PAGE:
Service Management Group (SMG) recently conducted interviews with top franchise executives. We asked them, "How do you go beyond platitudes about customer service to systems that engage customers and deliver marketing impact through a superior customer experience?" During these conversations, executives critiqued their customer experience management programs and shared what's next. Three key business insights emerged from our study.
Executives ask, "What's the impact of customer satisfaction on the bottom line?" and are looking to their customer experience measurement model to provide the answer. To senior leaders, it's not about measurement of satisfaction, it's about revenue-driven management of the customer experience. If a company's customer experience metrics are scores such as overall satisfaction, intent to return, intent to recommend, etc., then improvements in those metrics must correlate with business metrics like comp sales growth, average spend, and share of customer wallet.
Yet only a fraction of the executives we spoke with think franchisees and their employees really understand the connection between customer experience results and the financial performance of the organization. On the other hand, these same executives believe the majority of senior franchisor management sees the connection. This discrepancy points to the demand for more compelling links to financial performance and more effective communication. Even for franchise systems that have established financial linkage, the passage of time plus turnover requires frequent reinforcement to stoke the passion that drives relentless action to win customer loyalty.
Executives are looking for more than just scores--they want to know how to win. One executive said, "We invest to get all of this feedback from our customers, but franchisees and unit managers need to execute location-specific improvement plans to make the investment pay off. In the view of our executive panel, the best real-time customer experience dashboards for operators answer three questions: 1) Where should I focus? 2) What are my customers saying? 3) How do I compare to peers? When unit-level managers and team members have this information, they are motivated to concentrate their actions to improve where it matters most to their customers.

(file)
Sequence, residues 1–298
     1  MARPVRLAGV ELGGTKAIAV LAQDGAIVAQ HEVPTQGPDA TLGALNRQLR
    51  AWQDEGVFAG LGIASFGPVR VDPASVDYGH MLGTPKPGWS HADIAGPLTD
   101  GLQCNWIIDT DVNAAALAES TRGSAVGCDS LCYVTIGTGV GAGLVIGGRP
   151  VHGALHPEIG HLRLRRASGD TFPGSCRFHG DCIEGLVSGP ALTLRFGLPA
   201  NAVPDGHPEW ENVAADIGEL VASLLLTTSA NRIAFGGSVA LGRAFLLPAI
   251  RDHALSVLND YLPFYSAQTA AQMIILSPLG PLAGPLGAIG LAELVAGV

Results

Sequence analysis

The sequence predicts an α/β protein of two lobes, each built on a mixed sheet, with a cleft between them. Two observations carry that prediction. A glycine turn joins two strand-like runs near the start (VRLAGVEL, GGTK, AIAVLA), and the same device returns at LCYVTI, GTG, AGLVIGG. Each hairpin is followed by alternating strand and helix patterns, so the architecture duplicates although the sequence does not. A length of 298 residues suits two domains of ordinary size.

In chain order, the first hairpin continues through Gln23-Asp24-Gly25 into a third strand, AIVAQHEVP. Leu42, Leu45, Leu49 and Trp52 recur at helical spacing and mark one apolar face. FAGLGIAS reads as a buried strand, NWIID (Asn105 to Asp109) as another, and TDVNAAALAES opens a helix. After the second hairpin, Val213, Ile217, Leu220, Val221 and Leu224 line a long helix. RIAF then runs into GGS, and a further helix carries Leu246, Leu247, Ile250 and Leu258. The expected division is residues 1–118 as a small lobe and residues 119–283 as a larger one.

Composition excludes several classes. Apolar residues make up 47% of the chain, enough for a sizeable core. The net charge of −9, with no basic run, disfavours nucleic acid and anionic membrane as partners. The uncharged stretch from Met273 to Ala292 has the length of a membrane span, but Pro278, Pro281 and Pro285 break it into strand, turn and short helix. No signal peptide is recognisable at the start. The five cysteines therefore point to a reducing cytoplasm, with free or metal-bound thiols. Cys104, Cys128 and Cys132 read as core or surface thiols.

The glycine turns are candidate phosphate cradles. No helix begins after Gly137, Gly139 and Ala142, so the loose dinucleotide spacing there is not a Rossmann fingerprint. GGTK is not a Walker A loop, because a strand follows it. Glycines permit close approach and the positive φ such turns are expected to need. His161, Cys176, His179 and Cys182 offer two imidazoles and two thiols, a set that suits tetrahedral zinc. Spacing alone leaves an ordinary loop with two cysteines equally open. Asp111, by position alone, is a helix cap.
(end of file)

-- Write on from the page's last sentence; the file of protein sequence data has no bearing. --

Managers are also looking for guidance in service recovery. Mistakes happen--they can't be avoided. But losing a customer over a mistake can be avoided. When customers request to be contacted through a customer survey that reports results in real time, managers at the unit level can respond to dissatisfied customers immediately. If store managers neglect to close the service recovery loop quickly, several multi-unit franchisee executives have business rules that escalate the follow-up task to above-the-store-level managers, and even to the CEO.
One executive said, "We were delighted to learn through text analytics how we could reduce service costs by $3 million annually while actually improving our customer experience." Whether customers are highly likely to recommend or highly dissatisfied, operators want to know why. Text analytics adds the "why" to the "what." Many executives use text analytics to turn huge volumes of their customer comments into quantitative insight that helps them understand trends and sentiment around topical categories such as marketing campaigns, products, or the service of the staff. These insights are literally "new knowledge" franchisors can seize upon to create performance advantages not available to competitors.
The new vanguard of data-driven franchisor leaders are adopting location analytics to see where and when customers are visiting their franchised locations, and the locations of their competitors. Location analytics comes from using the GPS data on consumers' smartphones to detect when they visit specific brands. Executives see not just their own brand's visit frequency, but total share of customer visits versus specific competitors. Then, by triggering mobile surveys post-visit, consumers explain why they choose certain brands and locations, or why not. Franchisors are seeing named competitor benchmarks that show how customers perceive their relative strengths and weaknesses, which leads to improvements in marketing and operations.
Historically, "customer intelligence" referred to collecting and analyzing information about customers' details and their activities, in order to cement customer relationships, drive sales growth, and improve strategic decisions. What's new, and exciting, is the breathtaking pace of advanced technologies that enable powerful new customer insights, especially for franchisors.
While operational excellence is vitally important for a franchise system, customer insights open up creative ways of thinking about, testing, and finally implementing new ideas that drive profitable sales growth system-wide. To paraphrase Einstein, "The thinking that got us where we are is not sufficient to get us where we want to go."
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